At the Montgomery facility, fuel was dispensed by a CSR who was stationed at the booth on the island separating the fueling lanes. Inside the booth was a computer that recorded information regarding fuel dispensing (“the fueling computer”). Electricity to the booth was controlled in the office and was turned on every morning between 5:30 a.m. and 6:00 a.m.; it was turned off every night between 11:00 p.m. and 11:30 p.m. Without electricity to the booth, the fueling computer would not function and fuel could not be dispensed. In addition, the fuel dispensers were locked with a padlock every night at closing. Fuel could not be dispensed until the dispensers were unlocked. Rogers did not have a key to the office or to the padlocks on the dispensers; thus, he could not begin dispensing fuel to Penske's customers until Harry Deaton, a Penske employee, arrived and unlocked the office, turned on the electricity to the booth, and unlocked the padlocks on the fuel dispensers.
The CSR who turned on the fueling computer each morning logged his or her personal four-digit code into the computer. By doing so, the computer would keep track of which CSR was dispensing fuel throughout the day. A CSR's personal four-digit code would remain logged into the computer until it was automatically logged out from nonuse, until the CSR manually logged out of the computer, or until a different personal four-digit code was entered into the computer.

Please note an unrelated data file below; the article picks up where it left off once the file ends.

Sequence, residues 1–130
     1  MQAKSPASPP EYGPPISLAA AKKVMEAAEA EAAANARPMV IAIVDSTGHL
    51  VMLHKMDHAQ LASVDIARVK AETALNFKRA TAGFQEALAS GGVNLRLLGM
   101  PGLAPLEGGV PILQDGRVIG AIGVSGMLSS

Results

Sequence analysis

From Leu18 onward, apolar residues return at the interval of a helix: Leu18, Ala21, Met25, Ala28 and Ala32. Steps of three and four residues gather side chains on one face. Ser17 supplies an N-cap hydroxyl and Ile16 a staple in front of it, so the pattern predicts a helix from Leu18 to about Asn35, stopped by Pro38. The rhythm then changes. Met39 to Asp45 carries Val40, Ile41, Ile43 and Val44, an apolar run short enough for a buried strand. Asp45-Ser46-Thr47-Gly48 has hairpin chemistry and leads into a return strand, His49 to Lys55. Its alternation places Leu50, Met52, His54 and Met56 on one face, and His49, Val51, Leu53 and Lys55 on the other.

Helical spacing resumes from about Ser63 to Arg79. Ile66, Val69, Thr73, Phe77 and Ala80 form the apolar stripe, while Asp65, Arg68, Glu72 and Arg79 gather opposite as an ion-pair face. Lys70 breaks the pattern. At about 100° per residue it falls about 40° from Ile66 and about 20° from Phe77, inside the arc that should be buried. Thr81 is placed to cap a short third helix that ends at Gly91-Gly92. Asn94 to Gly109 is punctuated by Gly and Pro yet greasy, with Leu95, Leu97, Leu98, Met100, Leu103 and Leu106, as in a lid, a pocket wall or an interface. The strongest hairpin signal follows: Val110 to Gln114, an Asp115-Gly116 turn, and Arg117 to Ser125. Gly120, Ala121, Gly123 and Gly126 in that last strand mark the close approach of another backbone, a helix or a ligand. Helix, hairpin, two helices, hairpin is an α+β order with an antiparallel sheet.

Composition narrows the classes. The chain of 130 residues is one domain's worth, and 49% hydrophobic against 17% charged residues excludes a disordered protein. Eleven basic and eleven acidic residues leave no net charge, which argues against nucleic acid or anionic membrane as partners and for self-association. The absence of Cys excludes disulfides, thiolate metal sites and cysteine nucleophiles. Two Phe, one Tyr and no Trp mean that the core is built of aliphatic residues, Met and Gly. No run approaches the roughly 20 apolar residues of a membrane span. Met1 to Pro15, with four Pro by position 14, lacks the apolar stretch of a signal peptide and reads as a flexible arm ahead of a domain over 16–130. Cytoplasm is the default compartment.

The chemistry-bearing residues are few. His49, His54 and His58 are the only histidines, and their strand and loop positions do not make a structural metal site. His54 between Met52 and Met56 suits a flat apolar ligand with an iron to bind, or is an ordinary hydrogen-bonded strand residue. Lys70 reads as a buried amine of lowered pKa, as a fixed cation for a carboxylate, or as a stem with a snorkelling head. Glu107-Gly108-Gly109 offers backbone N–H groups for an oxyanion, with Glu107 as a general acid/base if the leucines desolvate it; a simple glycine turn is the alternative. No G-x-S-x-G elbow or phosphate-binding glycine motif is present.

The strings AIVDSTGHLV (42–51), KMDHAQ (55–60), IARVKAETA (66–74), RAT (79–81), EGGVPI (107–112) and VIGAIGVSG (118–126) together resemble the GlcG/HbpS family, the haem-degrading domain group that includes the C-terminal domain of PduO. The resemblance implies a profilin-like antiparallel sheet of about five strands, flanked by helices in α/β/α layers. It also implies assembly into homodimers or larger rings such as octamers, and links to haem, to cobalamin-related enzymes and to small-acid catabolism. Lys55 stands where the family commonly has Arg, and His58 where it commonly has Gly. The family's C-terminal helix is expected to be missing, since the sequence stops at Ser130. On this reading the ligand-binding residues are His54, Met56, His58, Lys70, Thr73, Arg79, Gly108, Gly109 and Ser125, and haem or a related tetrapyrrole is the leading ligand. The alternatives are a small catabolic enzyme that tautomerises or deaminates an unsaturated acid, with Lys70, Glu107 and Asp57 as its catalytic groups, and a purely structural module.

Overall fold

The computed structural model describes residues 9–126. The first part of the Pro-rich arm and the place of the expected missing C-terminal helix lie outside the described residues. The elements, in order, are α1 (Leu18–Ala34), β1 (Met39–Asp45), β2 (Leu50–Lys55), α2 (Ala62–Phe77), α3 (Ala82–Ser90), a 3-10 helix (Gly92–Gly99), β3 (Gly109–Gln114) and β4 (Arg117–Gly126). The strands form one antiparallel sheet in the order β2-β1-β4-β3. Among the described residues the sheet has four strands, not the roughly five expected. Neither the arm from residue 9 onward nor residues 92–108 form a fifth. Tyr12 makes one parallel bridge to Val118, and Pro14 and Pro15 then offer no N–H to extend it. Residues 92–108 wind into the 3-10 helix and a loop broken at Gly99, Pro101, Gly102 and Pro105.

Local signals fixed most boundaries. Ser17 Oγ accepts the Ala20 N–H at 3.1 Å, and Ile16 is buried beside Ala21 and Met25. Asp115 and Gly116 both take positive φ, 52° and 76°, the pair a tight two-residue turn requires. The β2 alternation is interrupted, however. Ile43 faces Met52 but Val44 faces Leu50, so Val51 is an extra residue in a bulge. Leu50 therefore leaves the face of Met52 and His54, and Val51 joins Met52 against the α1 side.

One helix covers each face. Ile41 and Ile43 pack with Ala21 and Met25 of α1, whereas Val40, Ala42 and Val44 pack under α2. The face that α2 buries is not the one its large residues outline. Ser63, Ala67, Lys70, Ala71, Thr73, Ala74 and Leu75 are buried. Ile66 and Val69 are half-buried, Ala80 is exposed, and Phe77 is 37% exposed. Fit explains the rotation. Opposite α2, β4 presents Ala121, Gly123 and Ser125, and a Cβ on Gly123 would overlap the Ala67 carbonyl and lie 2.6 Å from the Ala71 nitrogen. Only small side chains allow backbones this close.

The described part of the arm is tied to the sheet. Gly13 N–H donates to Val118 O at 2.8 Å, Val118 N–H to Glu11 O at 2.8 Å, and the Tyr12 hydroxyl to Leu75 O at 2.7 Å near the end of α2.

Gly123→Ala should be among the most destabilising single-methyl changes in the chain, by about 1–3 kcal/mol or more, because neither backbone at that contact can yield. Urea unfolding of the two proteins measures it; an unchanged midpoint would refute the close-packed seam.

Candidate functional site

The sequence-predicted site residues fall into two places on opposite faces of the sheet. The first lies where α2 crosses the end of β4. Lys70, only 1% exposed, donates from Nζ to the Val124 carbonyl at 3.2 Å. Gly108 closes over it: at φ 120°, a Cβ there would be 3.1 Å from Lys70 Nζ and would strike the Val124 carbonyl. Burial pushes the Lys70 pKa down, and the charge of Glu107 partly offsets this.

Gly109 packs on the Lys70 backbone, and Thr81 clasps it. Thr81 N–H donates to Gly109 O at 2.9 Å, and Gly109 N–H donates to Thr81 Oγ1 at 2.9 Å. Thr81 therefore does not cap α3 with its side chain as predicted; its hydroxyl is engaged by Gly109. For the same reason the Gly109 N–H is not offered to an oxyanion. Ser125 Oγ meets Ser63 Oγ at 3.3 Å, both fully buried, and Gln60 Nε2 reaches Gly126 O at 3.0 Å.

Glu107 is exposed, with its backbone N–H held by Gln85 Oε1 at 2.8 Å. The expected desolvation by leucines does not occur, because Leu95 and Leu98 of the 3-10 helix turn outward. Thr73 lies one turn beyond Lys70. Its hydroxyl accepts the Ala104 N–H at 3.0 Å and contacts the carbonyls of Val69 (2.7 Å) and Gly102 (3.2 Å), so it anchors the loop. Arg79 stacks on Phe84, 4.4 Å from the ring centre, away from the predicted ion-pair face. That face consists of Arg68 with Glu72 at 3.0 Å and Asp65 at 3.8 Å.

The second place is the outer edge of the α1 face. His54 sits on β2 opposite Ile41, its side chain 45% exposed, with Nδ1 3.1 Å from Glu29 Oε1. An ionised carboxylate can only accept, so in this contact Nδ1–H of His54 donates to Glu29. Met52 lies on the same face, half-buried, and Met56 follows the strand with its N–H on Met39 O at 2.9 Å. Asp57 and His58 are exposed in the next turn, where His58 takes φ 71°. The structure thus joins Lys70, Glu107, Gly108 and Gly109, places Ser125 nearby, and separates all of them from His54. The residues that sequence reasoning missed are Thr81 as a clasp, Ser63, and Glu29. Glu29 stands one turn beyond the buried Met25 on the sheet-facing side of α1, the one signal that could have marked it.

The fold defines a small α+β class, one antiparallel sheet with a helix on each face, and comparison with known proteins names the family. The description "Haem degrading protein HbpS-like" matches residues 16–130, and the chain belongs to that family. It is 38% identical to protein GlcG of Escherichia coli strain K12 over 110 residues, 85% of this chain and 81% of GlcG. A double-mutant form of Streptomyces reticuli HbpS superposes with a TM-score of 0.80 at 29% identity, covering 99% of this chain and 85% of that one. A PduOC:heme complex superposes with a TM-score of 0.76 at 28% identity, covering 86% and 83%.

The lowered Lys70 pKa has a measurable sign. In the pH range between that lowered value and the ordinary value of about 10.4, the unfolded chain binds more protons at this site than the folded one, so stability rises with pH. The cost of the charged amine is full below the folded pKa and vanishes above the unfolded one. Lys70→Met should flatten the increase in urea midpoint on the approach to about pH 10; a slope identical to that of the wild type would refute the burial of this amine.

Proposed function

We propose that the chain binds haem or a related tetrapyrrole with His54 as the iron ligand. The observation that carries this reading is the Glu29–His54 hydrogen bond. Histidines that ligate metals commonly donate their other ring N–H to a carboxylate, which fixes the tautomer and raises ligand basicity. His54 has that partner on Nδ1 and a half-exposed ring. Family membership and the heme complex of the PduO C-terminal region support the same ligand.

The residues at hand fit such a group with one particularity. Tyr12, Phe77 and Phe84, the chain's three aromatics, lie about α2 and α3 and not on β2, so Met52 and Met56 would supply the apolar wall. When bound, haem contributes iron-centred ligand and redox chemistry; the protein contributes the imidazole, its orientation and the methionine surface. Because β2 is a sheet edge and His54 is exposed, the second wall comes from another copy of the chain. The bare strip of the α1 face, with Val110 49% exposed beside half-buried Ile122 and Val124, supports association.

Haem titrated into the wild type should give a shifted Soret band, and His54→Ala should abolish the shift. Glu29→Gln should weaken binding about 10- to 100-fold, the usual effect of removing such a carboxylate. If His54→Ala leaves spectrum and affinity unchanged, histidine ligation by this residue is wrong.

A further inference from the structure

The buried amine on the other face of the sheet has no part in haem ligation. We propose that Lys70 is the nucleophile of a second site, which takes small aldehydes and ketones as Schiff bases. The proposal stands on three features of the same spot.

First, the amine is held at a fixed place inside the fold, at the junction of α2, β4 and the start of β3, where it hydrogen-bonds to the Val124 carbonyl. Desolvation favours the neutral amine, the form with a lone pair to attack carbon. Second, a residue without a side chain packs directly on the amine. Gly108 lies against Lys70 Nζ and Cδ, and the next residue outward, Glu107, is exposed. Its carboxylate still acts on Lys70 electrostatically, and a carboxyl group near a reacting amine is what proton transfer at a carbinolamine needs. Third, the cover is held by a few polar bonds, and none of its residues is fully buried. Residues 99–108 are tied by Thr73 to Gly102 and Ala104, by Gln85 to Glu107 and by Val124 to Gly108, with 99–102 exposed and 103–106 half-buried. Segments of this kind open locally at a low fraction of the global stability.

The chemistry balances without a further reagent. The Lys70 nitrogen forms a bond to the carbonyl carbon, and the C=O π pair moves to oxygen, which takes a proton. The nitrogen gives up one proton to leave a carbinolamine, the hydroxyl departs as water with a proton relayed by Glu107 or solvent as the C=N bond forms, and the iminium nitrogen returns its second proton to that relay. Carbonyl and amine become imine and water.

Every vehicle that Penske leased to its customers had a six- or seven-digit unit number; generally, though not in every case, the unit number was affixed to the left side of the vehicle. Before fuel could be dispensed to a particular vehicle, the CSR was required to enter the unit number of the vehicle into the fueling computer along with the mileage of the vehicle. After a vehicle was fueled, the fueling computer printed two identical receipts. One receipt was for the driver, and the other was for Penske. The receipt contained, among other things, the following information: a transaction number, the date on which the fuel was dispensed, the time at which the fuel was dispensed, the name of the Penske customer for whom the fuel was dispensed, the unit number of the vehicle, the mileage of the vehicle, the amount of fuel dispensed, and the initials of the CSR whose personal four-digit code was logged into the fueling computer at the time the fuel was dispensed.
The driver of the fueled vehicle was not required to take his or her copy of the receipt, and, when he or she did not, the CSR threw the driver's receipt in the trash. The CSR placed Penske's copy of the receipt in a black box located in the booth. Once per day, a CSR took the receipts from the black box into the office. During one period, the receipts from the previous day were taken to the office first thing in the morning. However, after the receipts from the previous day could not be located on a couple of occasions, Wallace instructed the CSR on duty at the end of the day to take the receipts from the black box into the office.